5 Common Mistakes Every New Gardener Makes

Updated: Dec. 14, 2023

Every gardening expert was a new gardener once! Learn about some of the most common mistakes—and the simple solutions for each of them.

What’s the difference between a new gardener and an experienced one? The experienced gardener has killed way more plants, or so the saying goes! That truism speaks to the fact that gardening is a highly trial-and-error venture, and no one starts out knowing it all. Here are some common missteps all new gardeners make—and what to do instead.

Frost On Tomato Plants
Planting tomatoes and other plants too early means they may come in contact with frost.

Planting Too Early

The new gardener mistake: A cold-climate new gardener is eager to get petunias, tomatoes and other summer blooming annuals and veggies in the ground at the first sight of frost-free weather in spring. You might get a jump on the season some years, but many gardeners have watched tender plants die when a frost follows a warmup or two.

The fix: Know your typical last killing frost dates in spring, then wait until at least then to plant frost-tender plants. Wait until the all-time-late frost-free time is approaching and check the 10-day forecast to be sure nothing is even close to a freeze before planting. Just because garden and home centers are selling tender plants when you’re there doesn’t mean it’s time to put them in the ground.

Veggie gardeners, listen up! Don’t make these tomato garden mistakes.

Lone Tree
JOE_POTATO/Getty Images
Don’t add too much mulch around trees.

Volcano Mulching

The new gardener mistake: Adding too much mulch around a tree. Volcano mulching is the term for placing mulch in a funnel-like mound that runs up against tree trunks. Though even professional landscapers do this, it’s detrimental as it causes bark rot and gives cover to rodents (mice, chipmunks and voles) that chew on bark. Mulch of more than 3 inches—even if not right up against the trunk—harms trees by reducing the amount of oxygen reaching the roots.

The fix: Keep mulch a few inches away from tree trunks, and limit the layers to no more than 3 inches, including any current mulch layers already in place.

Check out the best types of mulch to use in your landscape.

Tied Up Past Bloom Flowering Daffodils, Narcissus, In A Garden As A Clump With An Almost Human Eerie Feel Almost As A Bunch Scarecrows?
When the blooms on your daffodils are spent, resist the urge to cut or mess with the foliage.

Messing With Green Bulb Foliage

The new gardener mistake: Removing bulb foliage early. The weeks after tulips, daffodils, hyacinths and other spring bulbs finish blooming are very important because that’s when foliage takes in sunlight that provides energy to recharge the bulbs for next year’s bloom. You’ll interfere with that process by cutting off foliage that’s still green or by reducing the surface area by braiding or tying the leaves, as many people do to “neaten” the post-bloom look.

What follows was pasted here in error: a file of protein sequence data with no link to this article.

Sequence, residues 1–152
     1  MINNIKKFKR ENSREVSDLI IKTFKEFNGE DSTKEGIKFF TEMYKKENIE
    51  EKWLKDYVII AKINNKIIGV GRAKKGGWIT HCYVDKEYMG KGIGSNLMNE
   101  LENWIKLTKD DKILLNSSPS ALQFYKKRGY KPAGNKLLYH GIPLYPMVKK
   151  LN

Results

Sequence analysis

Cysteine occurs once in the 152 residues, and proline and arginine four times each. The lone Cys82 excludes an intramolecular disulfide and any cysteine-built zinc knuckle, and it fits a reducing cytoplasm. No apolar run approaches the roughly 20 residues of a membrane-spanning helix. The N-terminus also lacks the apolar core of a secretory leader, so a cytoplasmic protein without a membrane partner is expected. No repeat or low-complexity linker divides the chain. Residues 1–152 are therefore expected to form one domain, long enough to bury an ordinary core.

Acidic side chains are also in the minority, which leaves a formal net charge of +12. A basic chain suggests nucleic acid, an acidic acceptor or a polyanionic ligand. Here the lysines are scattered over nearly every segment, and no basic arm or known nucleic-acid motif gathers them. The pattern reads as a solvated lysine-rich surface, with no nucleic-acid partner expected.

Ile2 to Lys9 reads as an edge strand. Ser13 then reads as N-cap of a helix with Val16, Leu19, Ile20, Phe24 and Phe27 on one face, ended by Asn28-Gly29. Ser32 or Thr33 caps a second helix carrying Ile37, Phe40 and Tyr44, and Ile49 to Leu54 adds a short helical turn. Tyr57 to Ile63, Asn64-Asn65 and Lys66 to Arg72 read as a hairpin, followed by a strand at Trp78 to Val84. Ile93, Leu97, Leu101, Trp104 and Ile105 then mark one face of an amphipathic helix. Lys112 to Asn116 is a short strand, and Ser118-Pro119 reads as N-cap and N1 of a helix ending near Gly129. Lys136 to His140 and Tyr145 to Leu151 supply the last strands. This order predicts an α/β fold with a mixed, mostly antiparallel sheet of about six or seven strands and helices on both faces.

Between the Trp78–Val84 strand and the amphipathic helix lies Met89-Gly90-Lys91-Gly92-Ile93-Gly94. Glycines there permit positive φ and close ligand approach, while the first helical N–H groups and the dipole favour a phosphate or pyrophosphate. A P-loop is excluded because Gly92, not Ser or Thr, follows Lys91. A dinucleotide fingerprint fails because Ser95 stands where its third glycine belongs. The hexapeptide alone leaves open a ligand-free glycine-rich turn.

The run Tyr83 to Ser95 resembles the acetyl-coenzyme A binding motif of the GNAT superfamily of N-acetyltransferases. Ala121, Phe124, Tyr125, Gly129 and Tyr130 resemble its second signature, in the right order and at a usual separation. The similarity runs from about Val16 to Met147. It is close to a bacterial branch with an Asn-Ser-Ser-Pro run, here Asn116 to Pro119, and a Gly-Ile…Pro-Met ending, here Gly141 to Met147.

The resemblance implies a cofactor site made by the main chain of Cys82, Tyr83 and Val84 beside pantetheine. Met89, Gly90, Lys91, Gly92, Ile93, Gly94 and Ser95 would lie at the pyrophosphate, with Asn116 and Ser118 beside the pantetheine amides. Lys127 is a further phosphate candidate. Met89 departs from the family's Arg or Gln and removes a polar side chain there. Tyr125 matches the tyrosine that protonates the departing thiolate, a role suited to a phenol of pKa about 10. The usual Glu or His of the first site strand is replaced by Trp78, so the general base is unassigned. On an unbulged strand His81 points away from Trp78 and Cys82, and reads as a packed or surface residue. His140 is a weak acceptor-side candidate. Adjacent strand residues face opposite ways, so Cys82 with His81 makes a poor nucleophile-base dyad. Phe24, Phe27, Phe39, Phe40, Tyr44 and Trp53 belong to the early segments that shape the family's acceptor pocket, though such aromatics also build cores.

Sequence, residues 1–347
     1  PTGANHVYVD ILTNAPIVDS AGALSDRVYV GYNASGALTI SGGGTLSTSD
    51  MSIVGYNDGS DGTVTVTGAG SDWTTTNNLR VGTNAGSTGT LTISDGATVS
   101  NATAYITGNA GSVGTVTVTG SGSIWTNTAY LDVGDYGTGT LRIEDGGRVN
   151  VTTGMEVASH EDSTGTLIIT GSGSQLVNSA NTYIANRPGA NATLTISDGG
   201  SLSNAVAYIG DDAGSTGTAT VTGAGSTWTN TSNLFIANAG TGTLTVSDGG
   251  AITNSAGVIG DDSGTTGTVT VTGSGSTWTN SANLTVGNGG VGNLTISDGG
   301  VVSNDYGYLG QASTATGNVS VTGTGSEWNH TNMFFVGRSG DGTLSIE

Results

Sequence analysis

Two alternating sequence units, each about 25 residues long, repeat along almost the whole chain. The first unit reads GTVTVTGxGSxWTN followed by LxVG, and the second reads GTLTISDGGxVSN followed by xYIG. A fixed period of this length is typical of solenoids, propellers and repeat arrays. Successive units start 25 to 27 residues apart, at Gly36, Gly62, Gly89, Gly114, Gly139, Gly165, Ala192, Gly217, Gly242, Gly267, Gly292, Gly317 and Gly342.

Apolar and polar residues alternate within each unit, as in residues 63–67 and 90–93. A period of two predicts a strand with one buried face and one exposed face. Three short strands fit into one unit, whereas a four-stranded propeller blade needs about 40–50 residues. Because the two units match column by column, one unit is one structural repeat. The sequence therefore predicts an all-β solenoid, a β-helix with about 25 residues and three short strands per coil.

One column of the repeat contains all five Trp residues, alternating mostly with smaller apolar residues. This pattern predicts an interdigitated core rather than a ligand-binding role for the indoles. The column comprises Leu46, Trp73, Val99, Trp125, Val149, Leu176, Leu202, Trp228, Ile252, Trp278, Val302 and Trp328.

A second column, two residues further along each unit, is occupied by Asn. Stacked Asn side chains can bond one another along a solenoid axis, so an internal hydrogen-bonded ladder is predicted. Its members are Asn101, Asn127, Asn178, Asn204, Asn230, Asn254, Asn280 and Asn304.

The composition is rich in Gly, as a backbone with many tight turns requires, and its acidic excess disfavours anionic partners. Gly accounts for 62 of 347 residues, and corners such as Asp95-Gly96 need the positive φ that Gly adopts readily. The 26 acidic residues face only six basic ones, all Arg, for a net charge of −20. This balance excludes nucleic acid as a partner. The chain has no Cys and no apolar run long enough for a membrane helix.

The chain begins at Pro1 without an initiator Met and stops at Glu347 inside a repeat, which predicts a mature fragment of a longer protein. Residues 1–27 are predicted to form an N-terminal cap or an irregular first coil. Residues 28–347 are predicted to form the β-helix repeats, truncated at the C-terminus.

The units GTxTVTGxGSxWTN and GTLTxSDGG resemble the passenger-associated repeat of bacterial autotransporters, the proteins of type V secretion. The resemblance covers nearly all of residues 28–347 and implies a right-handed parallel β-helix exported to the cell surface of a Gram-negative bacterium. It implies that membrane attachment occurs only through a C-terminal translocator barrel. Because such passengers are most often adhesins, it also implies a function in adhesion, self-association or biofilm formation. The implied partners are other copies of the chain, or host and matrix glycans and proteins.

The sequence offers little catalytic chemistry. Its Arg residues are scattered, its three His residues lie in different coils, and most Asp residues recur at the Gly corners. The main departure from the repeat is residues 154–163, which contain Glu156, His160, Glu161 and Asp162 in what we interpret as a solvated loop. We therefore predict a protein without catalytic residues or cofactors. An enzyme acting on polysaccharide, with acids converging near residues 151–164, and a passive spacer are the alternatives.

The fix: Don’t cut, braid or otherwise mess with spring bulb foliage until it’s at least started to yellow, which is a signal that most of the season’s photosynthesis work has been completed.

Check out these helpful gardening tips and tricks for beginners from Birds & Blooms readers.

Spring Pruned Crepe Myrtle Trees, new gardener
JOE_POTATO/Getty Images
These crape myrtle trees are dormant, not dead.

Digging Up Plants That Aren’t Dead

The new gardener mistake: In areas with subfreezing winters, you might think crape myrtles, hardy hibiscus, butterfly bushes, figs and other late-to-leaf-out plants are dead when just about everything else is already green and growing. Know that some plants, especially those native to warmer climates, wait until the weather is consistently warm before springing back to life in late spring. Until then, these might look leafless and dead when they’re actually just still dormant.

The fix: If you’re not sure what’s normal for your plants, at least wait until the end of May or even mid-June before digging them out. A test: Scratch a little bark off leafless woody plant stems. If there’s green underneath, it’s likely your plant is still snoozing and is not dead.

Make sure you never make these perennial plant mistakes.

Visible Distinction Between Healthy Lawn And Chemical Burned Grass, new gardener
Too much chemical fertilizer can leave your lawn looking brown and dry.

Burning the Lawn With Fertilizer

The new gardener mistake: Some chemical fertilizers are strong enough that if they’re applied in excess, the nitrogen in them can brown grass. Uneven applications can also cause streakiness. Another familiar miscue is when DIYers dump granular fertilizer into their spreader and spill some on the surrounding lawn, which causes the unsightly lawn patches.

The fix: Become a fertilizer expert by applying your fertilizer according to the listed amounts on the package. Or switch to organic fertilizers or those that are high in slow-release nitrogen—both of which are far less likely to burn a lawn. Fill the spreaders on the driveway or other hard surface so you can sweep up spills, keeping fertilizer out of storm sewers and waterways.

Next, discover genius garden hacks you’ll want to steal immediately.